Our research

Patients with extraordinary immunological clinical presentations and strong family histories are encouraged to participate in CIRCA’s research.

How CIRCA works: a summary

Candidate families for sequencing are referred by their consulting immunologists and screened on strict criteria, including extensive phenotyping and sequencing of a panel of known genes.

  1. Patients with severe clinical symptoms (related to the immune system) and strong family histories are recruited to take part in CIRCA.
  2. Targeted sequencing or diagnostic whole genome sequencing is then performed through the Immunopathology lab at the Children's Hospital at Westmead and/or Garvan.
  3. In some cases, the function of a patient’s immune cells is assessed by affiliated research groups with the capacity to develop mouse models of disease using the CRISPR/Cas9 platform.
  4. In many cases, disease-causing gene variants are identified from a known panel of genes. When such a variant is not identified, the patient’s whole genome is investigated further.

Next steps: defining new molecular pathologies

Following genetic analysis, consulting clinicians, geneticists and research scientists collaborate to identify candidate gene variations and perform functional studies. These include in vitro human cell assays and establishment of mouse models with the same variant, to test the functional consequences of the genetic variations observed.

This experimental work has the power to confirm which genetic variations are causative of disease, and through what mechanism.

Our research and diagnostic process

Background information

Every individual’s genome contains large numbers of genetic variations, so understanding which of a patient’s gene variants cause disease requires in-depth analysis in experimental systems.

An individual’s genome might also influence their response to immunotherapies in the context of cancer treatment or organ transplantation.

A key focus of CIRCA is “primary immunodeficiencies” (PIDs), which are a collection of rare, chronic disorders, in which important cells of the immune system either fail to develop or the immune system functions improperly. Individuals with a PID are susceptible to frequent and potentially fatal infections with a range of pathogens. PIDs are often also associated with autoinflammatory disease, as well as the development of cancer.

PIDs are commonly diagnosed in early childhood and arise because of genetic variation. PID-associated genetic variants have already been identified in nearly 300 different genes; however, the exact cause of disease in many PID cases is not yet known. Because PIDs arise from a range of different gene variants, the symptoms of the diseases may differ.

Because the genes involved in PIDs are generally critical regulators of the immune response, the study of PID-associated genes has led to a greatly increased understanding of immune function in general. This knowledge is also transferrable to other more common conditions.

An autoimmune disease occurs when a person's immune system mistakenly attacks their own body. Genetics are likely to be a major contributor when children develop autoimmune diseases in the first ten years of life. We are testing the hypothesis that many of these cases are caused by de novo mutations in DNA (harmful variants present in a child, but not their ancestors) that disrupt the mechanisms normally preventing the immune system from attacking the body.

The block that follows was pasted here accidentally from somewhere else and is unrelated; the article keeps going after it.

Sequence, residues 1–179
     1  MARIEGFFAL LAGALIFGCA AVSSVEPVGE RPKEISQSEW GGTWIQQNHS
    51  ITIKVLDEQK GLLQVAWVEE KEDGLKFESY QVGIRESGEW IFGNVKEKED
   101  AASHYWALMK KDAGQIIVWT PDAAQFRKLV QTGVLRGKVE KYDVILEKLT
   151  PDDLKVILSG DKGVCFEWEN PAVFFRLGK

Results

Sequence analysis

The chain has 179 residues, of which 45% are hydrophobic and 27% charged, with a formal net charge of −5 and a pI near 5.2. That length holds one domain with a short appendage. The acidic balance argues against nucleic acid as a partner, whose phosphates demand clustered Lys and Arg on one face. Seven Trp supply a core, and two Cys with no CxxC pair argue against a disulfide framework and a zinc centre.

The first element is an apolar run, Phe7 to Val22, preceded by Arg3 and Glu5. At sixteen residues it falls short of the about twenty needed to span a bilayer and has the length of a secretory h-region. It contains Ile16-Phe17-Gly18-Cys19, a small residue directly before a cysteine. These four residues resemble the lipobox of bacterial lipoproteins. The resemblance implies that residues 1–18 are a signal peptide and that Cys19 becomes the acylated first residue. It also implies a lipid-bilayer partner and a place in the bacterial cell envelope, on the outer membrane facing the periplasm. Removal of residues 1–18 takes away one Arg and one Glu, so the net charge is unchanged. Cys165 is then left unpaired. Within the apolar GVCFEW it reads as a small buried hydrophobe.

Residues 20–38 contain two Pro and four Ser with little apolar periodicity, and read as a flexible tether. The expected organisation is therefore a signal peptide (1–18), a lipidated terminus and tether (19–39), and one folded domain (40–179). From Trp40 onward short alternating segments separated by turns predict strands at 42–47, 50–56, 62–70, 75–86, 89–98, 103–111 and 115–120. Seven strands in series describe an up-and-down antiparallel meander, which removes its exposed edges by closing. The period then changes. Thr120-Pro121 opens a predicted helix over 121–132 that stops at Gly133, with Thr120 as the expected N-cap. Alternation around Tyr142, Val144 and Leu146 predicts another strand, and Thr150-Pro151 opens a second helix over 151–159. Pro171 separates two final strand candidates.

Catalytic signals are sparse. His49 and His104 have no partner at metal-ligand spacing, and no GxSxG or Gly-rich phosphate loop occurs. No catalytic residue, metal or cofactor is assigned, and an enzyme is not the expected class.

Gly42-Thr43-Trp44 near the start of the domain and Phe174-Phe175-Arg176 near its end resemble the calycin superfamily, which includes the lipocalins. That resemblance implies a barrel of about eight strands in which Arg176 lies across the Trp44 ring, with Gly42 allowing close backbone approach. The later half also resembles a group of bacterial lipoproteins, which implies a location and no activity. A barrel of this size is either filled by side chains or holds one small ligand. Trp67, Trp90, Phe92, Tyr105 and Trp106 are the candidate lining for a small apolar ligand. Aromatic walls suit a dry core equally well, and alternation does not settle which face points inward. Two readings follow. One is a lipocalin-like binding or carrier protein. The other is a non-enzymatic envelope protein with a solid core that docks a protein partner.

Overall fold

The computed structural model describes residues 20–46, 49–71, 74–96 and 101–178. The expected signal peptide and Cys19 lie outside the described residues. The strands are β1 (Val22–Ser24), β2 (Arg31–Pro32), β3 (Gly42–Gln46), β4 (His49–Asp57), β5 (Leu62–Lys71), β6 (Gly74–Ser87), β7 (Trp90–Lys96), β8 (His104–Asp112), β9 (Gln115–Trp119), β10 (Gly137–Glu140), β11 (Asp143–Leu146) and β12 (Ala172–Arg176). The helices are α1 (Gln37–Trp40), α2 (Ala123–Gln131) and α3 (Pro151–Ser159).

CIRCA brings together pediatricians and clinical specialists in childhood-onset autoimmune disease with experts in the analysis of genes and cellular mechanisms for self-tolerance and autoimmunity. Two new technologies make testing these hypotheses possible: whole genome sequencing on the Illumina X-Ten platform, and testing of candidate variants by replicating them in mice using CRISPR-Cas9.

The genome sequence of patients and both their parents will be examined, in collaboration with endocrinologists and pediatricians. Genetic variations that are observed will be validated experimentally by replicating these variants in the mouse models. These mouse models are used to define exactly how the variants disrupt immune function, and to test pathway-specific therapeutics. The immune cells present in the patients blood are studied in order to develop laboratory tests for genetic lesions in specific pathways resulting in autoimmune disease.

People with rare, clinically extreme conditions of immune dysregulation may find it difficult to obtain a diagnosis through traditional clinical testing methods. For these patients, undergoing genetic testing or genome sequencing may make it possible to obtain a genetic diagnosis (an identification of the genetic variant that underpins their disease).

A genetic diagnosis makes it possible to tailor support or treatment specifically to the individual, and to anticipate future concerns. It can also bring to an end the ‘diagnostic odyssey’ of invasive, inconclusive testing.

For the broader community, the information gained from understanding the genetics of rare conditions can also reveal much about the workings of the immune system. This type of information has been immediately transferrable to more common immunological diseases. For example, the discoveries of disease-causing  genes in cases of severe immune dysfunction (TNF alpha receptor, IL-1 receptor antagonist and JAK3) have given rise to new therapeutic targets for rheumatoid arthritis.